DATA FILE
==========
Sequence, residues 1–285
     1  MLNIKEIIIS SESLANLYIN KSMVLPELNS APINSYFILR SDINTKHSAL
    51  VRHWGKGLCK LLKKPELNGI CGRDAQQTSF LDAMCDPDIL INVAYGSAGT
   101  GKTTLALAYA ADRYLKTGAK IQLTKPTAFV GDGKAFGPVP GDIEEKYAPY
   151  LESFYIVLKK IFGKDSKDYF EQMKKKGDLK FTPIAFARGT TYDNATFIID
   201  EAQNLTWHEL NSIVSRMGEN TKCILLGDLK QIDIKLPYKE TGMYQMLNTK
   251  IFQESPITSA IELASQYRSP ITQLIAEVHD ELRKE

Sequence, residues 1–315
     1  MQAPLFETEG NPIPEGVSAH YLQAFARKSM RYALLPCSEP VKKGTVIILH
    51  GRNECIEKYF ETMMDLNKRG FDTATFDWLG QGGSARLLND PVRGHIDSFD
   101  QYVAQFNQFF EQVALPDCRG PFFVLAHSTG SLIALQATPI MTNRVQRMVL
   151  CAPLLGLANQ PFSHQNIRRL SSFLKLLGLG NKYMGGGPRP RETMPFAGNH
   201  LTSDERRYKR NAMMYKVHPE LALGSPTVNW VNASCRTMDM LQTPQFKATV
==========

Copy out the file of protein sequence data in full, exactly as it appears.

Sequence, residues 1–285
     1  MLNIKEIIIS SESLANLYIN KSMVLPELNS APINSYFILR SDINTKHSAL
    51  VRHWGKGLCK LLKKPELNGI CGRDAQQTSF LDAMCDPDIL INVAYGSAGT
   101  GKTTLALAYA ADRYLKTGAK IQLTKPTAFV GDGKAFGPVP GDIEEKYAPY
   151  LESFYIVLKK IFGKDSKDYF EQMKKKGDLK FTPIAFARGT TYDNATFIID
   201  EAQNLTWHEL NSIVSRMGEN TKCILLGDLK QIDIKLPYKE TGMYQMLNTK
   251  IFQESPITSA IELASQYRSP ITQLIAEVHD ELRKE

Sequence, residues 1–315
     1  MQAPLFETEG NPIPEGVSAH YLQAFARKSM RYALLPCSEP VKKGTVIILH
    51  GRNECIEKYF ETMMDLNKRG FDTATFDWLG QGGSARLLND PVRGHIDSFD
   101  QYVAQFNQFF EQVALPDCRG PFFVLAHSTG SLIALQATPI MTNRVQRMVL
   151  CAPLLGLANQ PFSHQNIRRL SSFLKLLGLG NKYMGGGPRP RETMPFAGNH
   201  LTSDERRYKR NAMMYKVHPE LALGSPTVNW VNASCRTMDM LQTPQFKATV